New power plants will be needed to get to low-carbon electricity by 2030, but how does offshore wind compare? What realistic options are there? Carbon Capture Utilization and Storage (CCUS) technology has been shown to collect most of the CO2 from fossil fuel power plants, but it significantly increases the cost of capital and also requires higher gas consumption than traditional gas-fired combined cycle power plants. To make CCUS economically attractive, natural gas would have to cost around US $ 100 per tonne of CO2. To stay within 1.5 ° C, the International Energy Agency estimates that we will need to capture 350 million tons of CO2 per year by 2030. We currently capture less than 1 percent of our annual emissions.
Nuclear power is also a well-known scalable zero-carbon option, but current nuclear power concepts like SWR, PWR CAN-DU, RBMK are rarely built today for cost and safety reasons, especially after a decline in public support following the Chernobyl and Fukushima accidents. New advanced nuclear reactors such as Generation IV reactors, the Small Modular Reactor (SMR), and the Liquid Fluoride Thorium Reactor (LFTR) promise passive safety and lower costs. While some of these reactors are being upgraded to demonstration facilities, it is unlikely that nuclear will be able to provide significant capacity before 2030, as the safety review, obtaining regulatory approvals, ramping up production and completing the site construction is long to take.
Solar, Wind, and Batteries (SWB) is the option that most US electric utilities expect for the majority of new power generation over this period. The cost of solar, wind, and lithium batteries have dropped so low that they have become the cheapest source of new electricity. By the time clean generation is operational, fossil fuel consumption is likely to increase. The IEA Oil 2026 report estimates that global oil consumption will rise to around 104.1 mbpd by 2026, an increase of 4.4. Millions since 2019 (pre-COVID). It was low natural gas prices that made coal and some nuclear power plants too expensive to run. Now it is SWB that sells natural gas in many places.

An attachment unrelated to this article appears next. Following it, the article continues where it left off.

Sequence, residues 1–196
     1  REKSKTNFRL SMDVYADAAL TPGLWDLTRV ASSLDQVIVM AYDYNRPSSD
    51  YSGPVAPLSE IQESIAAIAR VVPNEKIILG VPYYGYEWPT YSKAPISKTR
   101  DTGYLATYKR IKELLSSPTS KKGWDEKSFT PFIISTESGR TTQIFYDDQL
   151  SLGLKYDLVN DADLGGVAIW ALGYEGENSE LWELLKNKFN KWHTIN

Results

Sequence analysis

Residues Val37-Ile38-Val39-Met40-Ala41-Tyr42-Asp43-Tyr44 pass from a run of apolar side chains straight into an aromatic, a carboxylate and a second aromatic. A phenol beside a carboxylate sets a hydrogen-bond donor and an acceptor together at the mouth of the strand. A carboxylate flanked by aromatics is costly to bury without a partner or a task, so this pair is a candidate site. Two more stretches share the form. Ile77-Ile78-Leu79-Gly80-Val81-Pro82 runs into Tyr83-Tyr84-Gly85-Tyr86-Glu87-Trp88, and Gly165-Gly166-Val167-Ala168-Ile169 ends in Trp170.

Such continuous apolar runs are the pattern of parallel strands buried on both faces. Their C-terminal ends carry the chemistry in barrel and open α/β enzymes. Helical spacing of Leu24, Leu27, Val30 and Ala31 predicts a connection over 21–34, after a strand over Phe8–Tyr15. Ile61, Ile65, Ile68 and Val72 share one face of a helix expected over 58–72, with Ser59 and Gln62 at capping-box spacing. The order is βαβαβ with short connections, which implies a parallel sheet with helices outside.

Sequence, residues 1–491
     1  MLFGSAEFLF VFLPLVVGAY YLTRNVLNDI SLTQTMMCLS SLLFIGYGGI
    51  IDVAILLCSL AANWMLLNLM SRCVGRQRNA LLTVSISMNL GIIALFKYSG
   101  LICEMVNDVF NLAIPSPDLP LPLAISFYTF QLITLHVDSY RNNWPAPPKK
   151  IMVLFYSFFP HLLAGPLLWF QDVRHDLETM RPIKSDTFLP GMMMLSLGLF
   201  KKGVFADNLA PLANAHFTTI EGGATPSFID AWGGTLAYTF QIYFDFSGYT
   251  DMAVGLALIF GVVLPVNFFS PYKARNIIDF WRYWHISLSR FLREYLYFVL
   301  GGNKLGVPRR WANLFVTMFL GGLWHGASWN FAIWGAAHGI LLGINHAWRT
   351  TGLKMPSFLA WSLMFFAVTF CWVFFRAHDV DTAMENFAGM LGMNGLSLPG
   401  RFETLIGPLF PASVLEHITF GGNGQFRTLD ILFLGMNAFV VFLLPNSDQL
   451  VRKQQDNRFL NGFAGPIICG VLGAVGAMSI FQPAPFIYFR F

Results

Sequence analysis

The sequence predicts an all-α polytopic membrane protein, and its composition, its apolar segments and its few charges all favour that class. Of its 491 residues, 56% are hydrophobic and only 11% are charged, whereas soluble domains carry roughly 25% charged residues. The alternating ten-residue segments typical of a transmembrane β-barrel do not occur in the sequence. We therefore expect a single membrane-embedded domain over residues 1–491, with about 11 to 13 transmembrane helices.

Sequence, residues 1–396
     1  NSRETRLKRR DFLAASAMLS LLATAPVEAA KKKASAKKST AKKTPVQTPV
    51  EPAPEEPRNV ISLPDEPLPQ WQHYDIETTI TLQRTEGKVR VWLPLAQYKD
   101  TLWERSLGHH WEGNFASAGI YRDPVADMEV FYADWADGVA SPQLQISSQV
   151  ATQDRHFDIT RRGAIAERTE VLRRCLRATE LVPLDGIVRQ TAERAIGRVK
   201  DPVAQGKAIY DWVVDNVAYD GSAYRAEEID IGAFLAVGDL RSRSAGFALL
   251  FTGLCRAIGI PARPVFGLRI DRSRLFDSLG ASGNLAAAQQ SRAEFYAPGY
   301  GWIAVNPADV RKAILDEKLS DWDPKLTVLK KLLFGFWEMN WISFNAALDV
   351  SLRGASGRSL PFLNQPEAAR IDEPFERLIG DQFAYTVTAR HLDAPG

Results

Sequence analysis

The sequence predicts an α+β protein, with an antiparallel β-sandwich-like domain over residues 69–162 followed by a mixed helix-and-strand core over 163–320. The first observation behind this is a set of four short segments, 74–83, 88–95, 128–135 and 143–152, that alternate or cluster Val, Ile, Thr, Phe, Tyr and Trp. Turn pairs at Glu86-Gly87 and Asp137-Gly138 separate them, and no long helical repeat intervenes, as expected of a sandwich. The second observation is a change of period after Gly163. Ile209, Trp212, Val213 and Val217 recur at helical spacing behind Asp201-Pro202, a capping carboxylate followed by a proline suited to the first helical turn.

The successful transition to a network operated by SWB is new terrain for the operation of a strong and reliable network
The grid operator ISO New England plans that offshore wind will account for around two thirds of the new generation capacity by 2030. This amount of wind power is a completely new way of generating electricity from a grid reliability perspective. ISO New England examines the reliability of the future network in a number of scenarios to help ISO; and stakeholders understand the implications for operations, broadcast planning, and market design. Reliability risks in extreme weather events are increased by government restrictions on CO2 emissions. The electricity forecasts also rise with more electric vehicles and more HVAC electrification with new consumption peaks in winter due to building heating. In order to integrate new offshore generation into the New England transmission network, changes to the regional transmission planning tariff will be required, including a new cost allocation method for improved transmission and ways to promote the necessary grid energy storage.
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Keywords: Offshore Wind, Wind Power, American Clean Power (ACP), Electric Grid, Wind Turbines, Smart Grid, Sustainability, Net Zero, ARC Advisory Group.